something that everybody knew. The striking victory over a menacing
combination of Turks and Arabs in the north, won by troops under the
command of Lord Hastings, the veteran of so many striking victories,
was already spread by the newspapers all over the Empire, let alone
to this small garrison so near to the battlefield.

"Now, no other nation in the world could have done a thing like
that," cried Captain Boyle, emphatically.

Horne Fisher was still looking silently into the well; a moment
later he answered: "We certainly have the art of unmaking mistakes.
That's where the poor old Prussians went wrong. They could only make
mistakes and stick to them. There is really a certain talent in
unmaking a mistake."

"What do you mean," asked Boyle, "what mistakes?"

"Well, everybody knows it looked like biting off more than he could
chew," replied Horne Fisher. It was a peculiarity of Mr. Fisher that
he always said that everybody knew things which about one person in
two million was ever allowed to hear of. "And it was certainly jolly
lucky that Travers turned up so well in the nick of time. Odd how
often the right thing's been done for us by the second in command,
even when a great man was first in command. Like Colborne at

"It ought to add a whole province to the Empire," observed the

"Well, I suppose the Zimmernes would have insisted on it as far as
the canal," observed Fisher, thoughtfully, "though everybody knows
adding provinces doesn't always pay much nowadays."

Captain Boyle frowned in a slightly puzzled fashion. Being cloudily
conscious of never having heard of the Zimmernes in his life, he
could only remark, stolidly:

"Well, one can't be a Little Englander."

Horne Fisher smiled, and he had a pleasant smile.

"Every man out here is a Little Englander," he said. "He wishes he
were back in Little England."

"I don't know what you're talking about, I'm afraid," said the
younger man, rather suspiciously. "One would think you didn't really
admire Hastings or--or--anything."

"I admire him no end," replied Fisher. "He's by far the best man
for this post; he understands the Moslems and can do anything with
them. That's why I'm all against pushing Travers against him, merely
because of this last affair."

"I really don't understand what you're driving at," said the other,

"Perhaps it isn't worth understanding," answered Fisher, lightly,
"and, anyhow, we needn't talk politics. Do you know the Arab legend
about that well?"

"I'm afraid I don't know much about Arab legends," said Boyle,
rather stiffly.

"That's rather a mistake," replied Fisher, "especially from your
point of view. Lord Hastings himself is an Arab legend. That is
perhaps the very greatest thing he really is. If his reputation went
it would weaken us all over Asia and Africa. Well, the story about
that hole in the ground, that goes down nobody knows where, has
always fascinated me, rather. It's Mohammedan in form now, but I
shouldn't wonder if the tale is a long way older than Mohammed. It's
all about somebody they call the Sultan Aladdin, not our friend of
the lamp, of course, but rather like him in having to do with genii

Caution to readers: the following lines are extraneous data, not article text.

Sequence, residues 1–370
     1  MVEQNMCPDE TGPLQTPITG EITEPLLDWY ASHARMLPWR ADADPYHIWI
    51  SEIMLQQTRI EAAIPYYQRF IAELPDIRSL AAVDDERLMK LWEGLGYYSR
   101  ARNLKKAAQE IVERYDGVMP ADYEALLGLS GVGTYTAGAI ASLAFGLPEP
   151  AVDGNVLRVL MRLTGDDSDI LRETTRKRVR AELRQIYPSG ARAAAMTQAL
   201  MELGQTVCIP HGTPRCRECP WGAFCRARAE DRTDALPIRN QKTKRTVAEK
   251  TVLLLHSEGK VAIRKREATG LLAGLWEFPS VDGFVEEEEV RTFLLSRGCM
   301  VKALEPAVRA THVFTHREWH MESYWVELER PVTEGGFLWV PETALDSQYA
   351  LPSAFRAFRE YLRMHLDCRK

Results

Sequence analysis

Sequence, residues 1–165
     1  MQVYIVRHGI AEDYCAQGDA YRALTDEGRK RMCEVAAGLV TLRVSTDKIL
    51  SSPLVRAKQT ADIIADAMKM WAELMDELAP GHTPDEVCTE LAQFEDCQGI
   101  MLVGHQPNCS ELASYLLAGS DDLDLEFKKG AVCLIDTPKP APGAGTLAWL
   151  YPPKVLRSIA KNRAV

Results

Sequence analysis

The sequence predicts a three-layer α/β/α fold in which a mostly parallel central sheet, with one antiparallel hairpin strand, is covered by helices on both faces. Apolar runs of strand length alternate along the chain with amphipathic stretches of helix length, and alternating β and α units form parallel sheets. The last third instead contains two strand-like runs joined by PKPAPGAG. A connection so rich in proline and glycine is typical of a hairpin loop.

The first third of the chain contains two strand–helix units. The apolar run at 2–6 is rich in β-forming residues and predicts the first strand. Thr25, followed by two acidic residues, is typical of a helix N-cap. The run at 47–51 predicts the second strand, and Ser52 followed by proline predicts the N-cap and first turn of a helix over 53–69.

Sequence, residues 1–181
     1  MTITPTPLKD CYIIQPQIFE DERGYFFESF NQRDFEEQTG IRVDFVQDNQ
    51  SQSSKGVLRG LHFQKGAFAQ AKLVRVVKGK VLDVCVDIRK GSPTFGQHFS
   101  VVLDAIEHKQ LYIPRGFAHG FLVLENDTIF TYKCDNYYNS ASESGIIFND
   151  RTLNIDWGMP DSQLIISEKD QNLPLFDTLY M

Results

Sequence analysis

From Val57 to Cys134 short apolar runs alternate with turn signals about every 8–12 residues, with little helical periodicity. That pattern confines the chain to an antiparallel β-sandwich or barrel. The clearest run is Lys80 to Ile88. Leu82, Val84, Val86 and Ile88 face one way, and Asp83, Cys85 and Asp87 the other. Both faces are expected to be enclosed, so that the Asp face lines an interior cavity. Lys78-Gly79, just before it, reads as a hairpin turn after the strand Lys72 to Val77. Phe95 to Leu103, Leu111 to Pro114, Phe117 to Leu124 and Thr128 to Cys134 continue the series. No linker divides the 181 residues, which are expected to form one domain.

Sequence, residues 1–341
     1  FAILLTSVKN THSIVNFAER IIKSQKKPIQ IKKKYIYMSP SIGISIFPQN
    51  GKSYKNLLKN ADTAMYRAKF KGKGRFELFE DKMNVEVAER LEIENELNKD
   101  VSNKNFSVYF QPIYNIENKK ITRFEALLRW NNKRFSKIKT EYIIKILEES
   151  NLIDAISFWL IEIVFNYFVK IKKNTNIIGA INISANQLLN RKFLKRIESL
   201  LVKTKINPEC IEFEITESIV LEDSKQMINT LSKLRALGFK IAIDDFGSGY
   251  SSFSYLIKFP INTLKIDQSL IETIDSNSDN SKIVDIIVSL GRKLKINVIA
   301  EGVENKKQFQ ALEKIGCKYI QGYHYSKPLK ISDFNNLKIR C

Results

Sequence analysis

or giants or something of that sort. They say he commanded the
giants to build him a sort of pagoda, rising higher and higher above
all the stars. The Utmost for the Highest, as the people said when
they built the Tower of Babel. But the builders of the Tower of
Babel were quite modest and domestic people, like mice, compared
with old Aladdin. They only wanted a tower that would reach heaven--
a mere trifle. He wanted a tower that would pass heaven and rise
above it, and go on rising for ever and ever. And Allah cast him
down to earth with a thunderbolt, which sank into the earth, boring
a hole deeper and deeper, till it made a well that was without a
bottom as the tower was to have been without a top. And down that
inverted tower of darkness the soul of the proud Sultan is falling
forever and ever."

"What a queer chap you are," said Boyle. "You talk as if a fellow
could believe those fables."

"Perhaps I believe the moral and not the fable," answered Fisher.
"But here comes Lady Hastings. You know her, I think."

The clubhouse on the golf links was used, of course, for many other
purposes besides that of golf. It was the only social center of the
garrison beside the strictly military headquarters; it had a
billiard room and a bar, and even an excellent reference library for
those officers who were so perverse as to take their profession
seriously. Among these was the great general himself, whose head of
silver and face of bronze, like that of a brazen eagle, were often
to be found bent over the charts and folios of the library. The
great Lord Hastings believed in science and study, as in other
severe ideals of life, and had given much paternal advice on the
point to young Boyle, whose appearances in that place of research
were rather more intermittent. It was from one of these snatches of
study that the young man had just come out through the glass doors
of the library on to the golf links. But, above all, the club was so
appointed as to serve the social conveniences of ladies at least as